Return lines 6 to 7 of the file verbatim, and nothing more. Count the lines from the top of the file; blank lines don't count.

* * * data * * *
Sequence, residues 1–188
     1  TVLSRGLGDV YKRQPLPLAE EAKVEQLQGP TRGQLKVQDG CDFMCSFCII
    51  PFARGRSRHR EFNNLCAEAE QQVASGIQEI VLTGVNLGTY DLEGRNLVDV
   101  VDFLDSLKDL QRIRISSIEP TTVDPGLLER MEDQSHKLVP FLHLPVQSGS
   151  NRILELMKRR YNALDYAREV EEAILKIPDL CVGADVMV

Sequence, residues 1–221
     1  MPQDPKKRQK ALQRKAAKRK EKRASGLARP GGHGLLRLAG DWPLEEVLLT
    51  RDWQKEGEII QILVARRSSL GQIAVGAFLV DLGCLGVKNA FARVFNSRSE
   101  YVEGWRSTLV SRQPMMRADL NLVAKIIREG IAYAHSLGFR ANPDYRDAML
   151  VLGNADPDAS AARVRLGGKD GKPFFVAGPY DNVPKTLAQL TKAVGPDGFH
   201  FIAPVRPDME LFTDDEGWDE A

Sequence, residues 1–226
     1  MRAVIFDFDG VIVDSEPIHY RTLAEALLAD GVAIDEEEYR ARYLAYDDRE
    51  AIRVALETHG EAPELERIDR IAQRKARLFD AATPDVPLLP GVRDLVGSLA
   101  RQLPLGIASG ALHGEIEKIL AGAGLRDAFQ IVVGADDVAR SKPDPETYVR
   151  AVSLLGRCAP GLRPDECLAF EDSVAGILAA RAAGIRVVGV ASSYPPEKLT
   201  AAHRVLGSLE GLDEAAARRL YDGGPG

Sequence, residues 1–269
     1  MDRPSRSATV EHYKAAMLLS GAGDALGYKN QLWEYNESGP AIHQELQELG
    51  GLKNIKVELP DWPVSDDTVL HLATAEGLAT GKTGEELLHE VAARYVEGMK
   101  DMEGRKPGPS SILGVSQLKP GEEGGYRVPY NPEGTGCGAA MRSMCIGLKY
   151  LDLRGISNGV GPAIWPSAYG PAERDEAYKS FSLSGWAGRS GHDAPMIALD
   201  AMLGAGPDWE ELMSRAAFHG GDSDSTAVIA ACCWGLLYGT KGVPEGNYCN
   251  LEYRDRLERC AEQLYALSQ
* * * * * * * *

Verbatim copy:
Sequence, residues 1–221
     1  MPQDPKKRQK ALQRKAAKRK EKRASGLARP GGHGLLRLAG DWPLEEVLLT